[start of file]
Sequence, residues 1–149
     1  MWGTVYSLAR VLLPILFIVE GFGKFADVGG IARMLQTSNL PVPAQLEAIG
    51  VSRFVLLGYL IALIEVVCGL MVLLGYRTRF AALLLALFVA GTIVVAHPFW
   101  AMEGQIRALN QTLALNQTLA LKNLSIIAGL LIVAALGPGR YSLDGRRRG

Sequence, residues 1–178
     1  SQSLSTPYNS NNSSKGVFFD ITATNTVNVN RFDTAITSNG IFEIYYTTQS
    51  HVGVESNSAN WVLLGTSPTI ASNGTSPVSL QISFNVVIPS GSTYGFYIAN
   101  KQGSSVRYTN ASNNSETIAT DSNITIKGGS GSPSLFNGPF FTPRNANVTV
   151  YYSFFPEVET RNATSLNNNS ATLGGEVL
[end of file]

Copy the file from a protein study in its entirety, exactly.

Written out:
Sequence, residues 1–149
     1  MWGTVYSLAR VLLPILFIVE GFGKFADVGG IARMLQTSNL PVPAQLEAIG
    51  VSRFVLLGYL IALIEVVCGL MVLLGYRTRF AALLLALFVA GTIVVAHPFW
   101  AMEGQIRALN QTLALNQTLA LKNLSIIAGL LIVAALGPGR YSLDGRRRG

Sequence, residues 1–178
     1  SQSLSTPYNS NNSSKGVFFD ITATNTVNVN RFDTAITSNG IFEIYYTTQS
    51  HVGVESNSAN WVLLGTSPTI ASNGTSPVSL QISFNVVIPS GSTYGFYIAN
   101  KQGSSVRYTN ASNNSETIAT DSNITIKGGS GSPSLFNGPF FTPRNANVTV
   151  YYSFFPEVET RNATSLNNNS ATLGGEVL